2016 London Classic Car Show announced

21 April, 2015


The first London Classic Car Show took place in January of 2015, and, following praise from visitors and exhibitors, will be returning for 2016. Many exhibitors at the inaugural show have already rebooked for the next event, and will be joined by a host of new exhibitors, including classic car dealers and specialists.

Marques such as Aston Martin, Citroen, and Maserati, as well as industry specialists like Nicholas Mee, Jim Stokes Workshops, and Classic Motor Cars are amongst the many names to have rebooked for 2016.

To accommodate the significantly increased scale of the next event, the show is to be 50-per-cent bigger. The increase in size will allow for an even larger rendering of one of the show’s standout features — The Grand Avenue. Running through the centre of the show, The Grand Avenue provides a runway for some of history’s most iconic cars to parade.

The Grand Avenue’s variety is second to none, with the inaugural show hosting everything from 100-year-old veterans and ’60s supercars, to Grand Prix racers, most notable of which was Ayrton Senna’s Lotus 97T. So, not only is The Grand Avenue to be extended for 2016, but it will also host many more live performances.

Event director Bas Bungish says, “Our aim with the London Classic Car Show was to create a show that really raises the bar. We did that … motor shows will never be the same again.”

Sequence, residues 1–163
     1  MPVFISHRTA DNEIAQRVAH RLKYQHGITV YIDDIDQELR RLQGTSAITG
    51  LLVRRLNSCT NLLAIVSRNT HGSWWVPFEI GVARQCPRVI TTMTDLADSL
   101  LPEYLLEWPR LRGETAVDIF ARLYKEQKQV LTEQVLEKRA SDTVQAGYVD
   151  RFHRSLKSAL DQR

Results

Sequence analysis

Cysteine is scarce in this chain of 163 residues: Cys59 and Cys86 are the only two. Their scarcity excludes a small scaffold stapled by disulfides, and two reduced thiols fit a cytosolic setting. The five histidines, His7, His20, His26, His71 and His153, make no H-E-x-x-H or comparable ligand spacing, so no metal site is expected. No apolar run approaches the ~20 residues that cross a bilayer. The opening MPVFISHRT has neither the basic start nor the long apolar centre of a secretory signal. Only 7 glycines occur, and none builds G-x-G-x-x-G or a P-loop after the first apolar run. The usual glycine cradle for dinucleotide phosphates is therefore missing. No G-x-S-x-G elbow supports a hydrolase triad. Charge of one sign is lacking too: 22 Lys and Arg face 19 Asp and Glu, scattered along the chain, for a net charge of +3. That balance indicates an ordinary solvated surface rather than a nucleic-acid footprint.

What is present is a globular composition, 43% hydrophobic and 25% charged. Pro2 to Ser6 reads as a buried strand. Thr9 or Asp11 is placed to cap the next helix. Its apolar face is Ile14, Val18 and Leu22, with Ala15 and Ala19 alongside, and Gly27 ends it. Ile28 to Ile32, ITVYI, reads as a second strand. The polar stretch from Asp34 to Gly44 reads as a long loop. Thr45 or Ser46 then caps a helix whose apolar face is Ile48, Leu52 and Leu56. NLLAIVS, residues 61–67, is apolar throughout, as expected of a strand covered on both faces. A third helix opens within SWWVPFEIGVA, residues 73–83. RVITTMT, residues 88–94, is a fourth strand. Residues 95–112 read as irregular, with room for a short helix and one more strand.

Keep an eye out for more news on the London Classic Car Show 2016.

Travelling companion

It’s easy to see why the Morris Minor Traveller was one of the best-loved variants of the Morris Minor. Introduced in 1953, it was equipped with the same independent torsion bar front suspension, drum brakes, and rack and pinion steering as its saloon sibling but, with their foldable rear seat increasing versatility, many Travellers were used as trade vehicles, says Derek Goddard. Derek and Gail Goddard, the owners of this superbly restored example, have run Morris Minors since before they were married in 1974.
“Our honeymoon vehicle was a blue Morris Minor van — it was a rust bucket,” says Derek.

Super Leicht Gullwing

It’s fair to say that nothing much in the classic Mercedes world gets past Mercedes-Benz Club stalwart Garry Boyce so it wasn’t surprising to learn that around 15 years ago he had sniffed out an extremely rare 300SL lightweight Gullwing as well as a 1958 300SL Roadster hiding away in the Waikato. The cars were not for sale but Garry eventually managed to persuade the owner to allow him and his restoration team to take a look at the Roadster. They discovered a very distressed but largely unmolested car. The car was so original that the body had never been off the chassis, meaning most of the parts and fittings were still present and correct, as they had been fitted by the factory.